[Skip to Content]
Access to paid content on this site is currently suspended due to excessive activity being detected from your IP address 18.207.240.230. Please contact the publisher to request reinstatement.
[Skip to Content Landing]
Views 1,857
Citations 0
Research Letter
December 12, 2018

Factors Associated With Successful Medication Discontinuation After a Randomized Clinical Trial of Relapse Prevention in First-Episode Psychosis: A 10-Year Follow-up

Author Affiliations
  • 1Department of Psychiatry, University of Hong Kong, Hong Kong
  • 2Department of Psychiatry, University of British Columbia, Vancouver, British Columbia, Canada
  • 3Department of Psychiatry, University of Hong Kong, Hong Kong
  • 4State Key Laboratory of Brain and Cognitive Sciences, University of Hong Kong, Hong Kong
JAMA Psychiatry. 2019;76(2):217-219. doi:10.1001/jamapsychiatry.2018.3120

Not all patients with psychotic disorders require a lifetime of antipsychotic treatment. A study of patients on the schizophrenia spectrum found that after a mean duration of illness of 10.4 years, 24 of 70 (34%) were free of antipsychotic medication for at least 3 months, of whom 20 were medication-free for longer than a year.1 Another study of first-episode psychosis reported that at 7-year follow-up, 17 of 103 patients (16.5%) had stopped antipsychotic medication during the previous 2 years.2 Identifying clinical features of illness associated with lesser or greater likelihood of successfully discontinuing antipsychotic medication is of considerable importance. We report the proportion and factors associated with successful discontinuation during long-term follow-up of patients with first-episode psychosis.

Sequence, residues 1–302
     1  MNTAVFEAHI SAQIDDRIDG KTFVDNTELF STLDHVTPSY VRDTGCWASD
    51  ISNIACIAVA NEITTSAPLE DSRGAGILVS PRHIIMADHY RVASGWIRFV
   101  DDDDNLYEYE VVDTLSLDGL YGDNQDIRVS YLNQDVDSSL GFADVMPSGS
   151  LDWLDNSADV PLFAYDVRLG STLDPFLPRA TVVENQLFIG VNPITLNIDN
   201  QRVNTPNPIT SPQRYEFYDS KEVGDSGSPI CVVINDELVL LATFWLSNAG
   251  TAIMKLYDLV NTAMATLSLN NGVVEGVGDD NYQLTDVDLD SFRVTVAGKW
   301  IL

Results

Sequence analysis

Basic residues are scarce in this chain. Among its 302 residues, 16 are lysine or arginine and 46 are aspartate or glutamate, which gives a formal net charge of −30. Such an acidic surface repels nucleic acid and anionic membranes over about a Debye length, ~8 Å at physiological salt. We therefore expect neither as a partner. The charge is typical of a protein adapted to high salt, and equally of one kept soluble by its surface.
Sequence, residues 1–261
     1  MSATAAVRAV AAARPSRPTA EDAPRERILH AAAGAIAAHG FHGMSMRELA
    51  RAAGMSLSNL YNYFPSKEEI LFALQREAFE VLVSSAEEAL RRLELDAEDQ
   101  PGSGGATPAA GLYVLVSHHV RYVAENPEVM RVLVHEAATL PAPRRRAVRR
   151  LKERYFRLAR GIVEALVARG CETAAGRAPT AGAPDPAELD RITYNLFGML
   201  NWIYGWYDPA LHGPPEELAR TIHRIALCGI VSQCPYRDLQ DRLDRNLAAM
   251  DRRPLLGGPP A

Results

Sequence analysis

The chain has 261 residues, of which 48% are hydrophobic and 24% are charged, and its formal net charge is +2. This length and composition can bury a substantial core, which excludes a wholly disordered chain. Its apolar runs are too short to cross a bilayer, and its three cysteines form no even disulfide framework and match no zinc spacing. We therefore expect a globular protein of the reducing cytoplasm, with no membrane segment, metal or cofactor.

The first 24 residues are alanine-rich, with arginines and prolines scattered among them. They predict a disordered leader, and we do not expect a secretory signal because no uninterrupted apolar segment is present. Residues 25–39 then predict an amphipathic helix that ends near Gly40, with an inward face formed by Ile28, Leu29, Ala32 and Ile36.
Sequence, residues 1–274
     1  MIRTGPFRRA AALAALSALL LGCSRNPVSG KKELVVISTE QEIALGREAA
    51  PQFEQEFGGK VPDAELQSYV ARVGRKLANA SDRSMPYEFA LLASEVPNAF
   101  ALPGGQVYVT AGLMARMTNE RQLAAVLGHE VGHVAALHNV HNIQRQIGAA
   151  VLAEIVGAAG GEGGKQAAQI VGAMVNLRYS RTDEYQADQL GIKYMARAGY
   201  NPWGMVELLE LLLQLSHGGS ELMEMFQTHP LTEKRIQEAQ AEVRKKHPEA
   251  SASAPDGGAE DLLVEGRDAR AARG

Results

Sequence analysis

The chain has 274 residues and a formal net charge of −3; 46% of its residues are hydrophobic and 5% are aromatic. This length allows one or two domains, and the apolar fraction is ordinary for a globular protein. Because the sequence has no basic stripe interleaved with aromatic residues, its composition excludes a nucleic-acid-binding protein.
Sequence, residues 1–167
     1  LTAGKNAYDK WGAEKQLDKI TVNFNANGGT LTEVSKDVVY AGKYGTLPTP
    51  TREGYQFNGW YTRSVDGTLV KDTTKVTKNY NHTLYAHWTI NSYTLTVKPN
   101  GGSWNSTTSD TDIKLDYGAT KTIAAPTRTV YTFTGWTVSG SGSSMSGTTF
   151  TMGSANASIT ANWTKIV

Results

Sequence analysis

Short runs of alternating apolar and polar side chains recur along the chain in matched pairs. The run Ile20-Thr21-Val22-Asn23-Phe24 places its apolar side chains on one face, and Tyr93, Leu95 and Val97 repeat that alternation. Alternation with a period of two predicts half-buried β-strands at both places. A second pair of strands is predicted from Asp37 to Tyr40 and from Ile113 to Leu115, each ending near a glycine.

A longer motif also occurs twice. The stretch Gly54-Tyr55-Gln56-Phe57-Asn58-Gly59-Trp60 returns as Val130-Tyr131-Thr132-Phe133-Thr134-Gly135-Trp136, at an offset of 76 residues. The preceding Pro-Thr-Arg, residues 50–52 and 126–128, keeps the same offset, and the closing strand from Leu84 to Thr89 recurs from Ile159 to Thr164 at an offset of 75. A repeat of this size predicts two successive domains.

×